Review of Causes and Treatment in the Athlete with Heel Pain
Most athletes really depend on their feet and ankles to propel them during sports activities. Running and jumping can become huge problems when the athlete experiences heel pain of any kind. The two most common heel problems affect the plantar heel (underneath) and the posterior heel (back of heel). In this review article, the diagnosis and treatment of four specific problems are addressed. These include 1) insertional Achilles tendon disorders, 2) plantar fasciitis, 3) plantar fascia rupture, and 4) calcaneal stress fractures.
Heel problems are not confined to these four groups. Other soft tissue disorders, bone disorders, and nerve problems can result in plantar or posterior heel pain. It's even possible to experience heel pain as a result of lumbar spine disorders, metabolic disorders (e.g., Paget disease, sickle cell disease), tumors, and degenerative joint disease (arthritis). But the authors restricted the content of this article to the four most common problems encountered in a sports medicine practice.
Insertional Achilles tendon disorders develop as a result of overtraining, poor footwear, postural problems, and bumping up the training schedule too fast. Heel pain develops near where the Achilles tendon inserts into the calcaneus (heel bone). This can occur as a result of bursitis (inflamed bursa), tendinitis (inflamed tendon), tendinosis (tendon degeneration without inflammation), or pump bumps. It can be unilateral (one side) or bilateral (both sides). Pump bump is an area of bone enlargment like a bone spur over the posterolateral calcaneus (heel bone). Posterolateral refers to the location: back and slightly to the side of the calcaneus. The bump rubs on the back of shoes and causes pain, tenderness, and skin thickening or callous formation on the outside.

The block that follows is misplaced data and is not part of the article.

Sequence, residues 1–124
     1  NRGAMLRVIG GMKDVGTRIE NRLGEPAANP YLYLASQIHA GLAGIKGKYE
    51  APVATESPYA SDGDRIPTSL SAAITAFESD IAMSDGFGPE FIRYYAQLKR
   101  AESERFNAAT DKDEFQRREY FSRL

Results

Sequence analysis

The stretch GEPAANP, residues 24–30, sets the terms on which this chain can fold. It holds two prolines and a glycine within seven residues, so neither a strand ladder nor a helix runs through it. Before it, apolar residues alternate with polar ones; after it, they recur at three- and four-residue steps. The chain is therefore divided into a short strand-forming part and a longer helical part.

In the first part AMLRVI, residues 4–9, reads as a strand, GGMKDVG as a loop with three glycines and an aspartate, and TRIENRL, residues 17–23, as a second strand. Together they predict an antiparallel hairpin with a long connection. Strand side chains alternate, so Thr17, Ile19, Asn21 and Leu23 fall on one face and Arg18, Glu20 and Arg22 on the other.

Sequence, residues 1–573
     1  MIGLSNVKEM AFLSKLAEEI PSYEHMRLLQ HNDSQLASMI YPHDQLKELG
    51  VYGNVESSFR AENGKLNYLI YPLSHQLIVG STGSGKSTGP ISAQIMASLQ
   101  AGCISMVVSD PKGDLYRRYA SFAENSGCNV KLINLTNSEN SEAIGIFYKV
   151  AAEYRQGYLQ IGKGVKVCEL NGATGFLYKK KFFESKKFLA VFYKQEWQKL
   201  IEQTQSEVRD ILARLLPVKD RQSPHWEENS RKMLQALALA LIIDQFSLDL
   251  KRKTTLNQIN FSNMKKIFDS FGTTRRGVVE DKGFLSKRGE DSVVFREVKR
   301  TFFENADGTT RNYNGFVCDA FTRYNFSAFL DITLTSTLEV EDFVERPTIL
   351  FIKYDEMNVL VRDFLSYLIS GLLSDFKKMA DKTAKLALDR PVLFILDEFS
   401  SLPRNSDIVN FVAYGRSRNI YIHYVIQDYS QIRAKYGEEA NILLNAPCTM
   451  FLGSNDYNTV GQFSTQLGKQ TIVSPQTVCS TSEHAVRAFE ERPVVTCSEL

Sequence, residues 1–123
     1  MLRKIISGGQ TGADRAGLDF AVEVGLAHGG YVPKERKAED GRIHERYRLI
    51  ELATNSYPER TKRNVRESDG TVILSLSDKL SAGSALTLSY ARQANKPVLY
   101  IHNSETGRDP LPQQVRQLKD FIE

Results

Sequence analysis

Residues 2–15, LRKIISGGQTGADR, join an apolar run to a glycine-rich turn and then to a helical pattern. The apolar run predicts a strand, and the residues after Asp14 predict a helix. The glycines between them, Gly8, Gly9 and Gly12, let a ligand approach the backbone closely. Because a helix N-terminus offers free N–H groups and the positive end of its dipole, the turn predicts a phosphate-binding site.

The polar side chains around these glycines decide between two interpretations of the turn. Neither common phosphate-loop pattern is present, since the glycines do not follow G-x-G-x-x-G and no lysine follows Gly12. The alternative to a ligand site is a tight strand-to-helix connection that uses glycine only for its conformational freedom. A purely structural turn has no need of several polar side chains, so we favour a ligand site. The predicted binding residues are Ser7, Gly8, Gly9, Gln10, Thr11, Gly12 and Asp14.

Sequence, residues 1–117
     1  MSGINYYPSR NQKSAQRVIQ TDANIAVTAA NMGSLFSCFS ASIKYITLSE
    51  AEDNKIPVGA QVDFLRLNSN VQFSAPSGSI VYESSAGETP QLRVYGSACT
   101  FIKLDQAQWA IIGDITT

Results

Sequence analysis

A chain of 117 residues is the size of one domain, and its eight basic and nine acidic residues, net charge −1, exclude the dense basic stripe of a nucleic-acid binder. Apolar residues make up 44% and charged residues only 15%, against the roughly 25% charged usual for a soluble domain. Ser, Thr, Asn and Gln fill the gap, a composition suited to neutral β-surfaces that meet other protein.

Plantar fasciitis is a fairly common problem in middle-aged women, possibly related to menopause. But when it occurs in a young athlete, other causes must be considered. First, what is the training level? Is the athlete running hills everyday for long hours? Has the affected athlete recently bumped up his or her training schedule? Is the Achilles tendon tight with limited ankle motion? Plantar fascia problems can be limited to plantar fasciitis but the fascia can also rupture or tear. Fracture of the calcaneus can also occur when the plantar fascia gets torn or disrupted.
How can the orthopedic surgeon tell what's causing the heel pain? Location of symptoms is the first place to start. The examiner will also ask the patient what makes it better or worse, and what structures hurt when pressed or palpated. The presence of any visible changes (e.g., skin thickening, bony bump, swelling around the Achilles) will be noted. X-rays can help show areas of calcification (bone build-up from a pump bump) or bone breakdown around the area of a bone bump from chronic inflammation (bursitis).
Plantar fascia ruptures occur with a painful pop and sudden inability to stand on that foot, run, or push off with the toes. Swelling, bruising, and pain along the bottom of the foot are obvious signs and symptoms. Sometimes plantar fascia rupture leads to the fourth of our conditions: calcaneal stress fracture. Tiny cracks in the heel bone develop either as a result of plantar fascial rupture or in athletes who have increased their training and sports activity. At first, X-rays may not show anything, but after the body starts the bone healing process, there is evidence of the fracture. Usually this isn't seen until six weeks after the original symptoms developed. Physicians tend to rely on the calcaneal squeeze test to diagnose stress fractures.
Most plantar fascia problems are worse in the morning. In fact, standing up after getting out of bed can be the worst of the painful symptoms. With insertional tendon problems, going up stairs or climbing hills makes the pain worse. Touching the area over the tendon is tender when the problem is caused by tendinitis. The inflamed bursa is not tender to touch but applying a 2-finger squeeze test on either side of the Achilles tendon while the ankle moves up and down and side to side reproduces bursitis pain.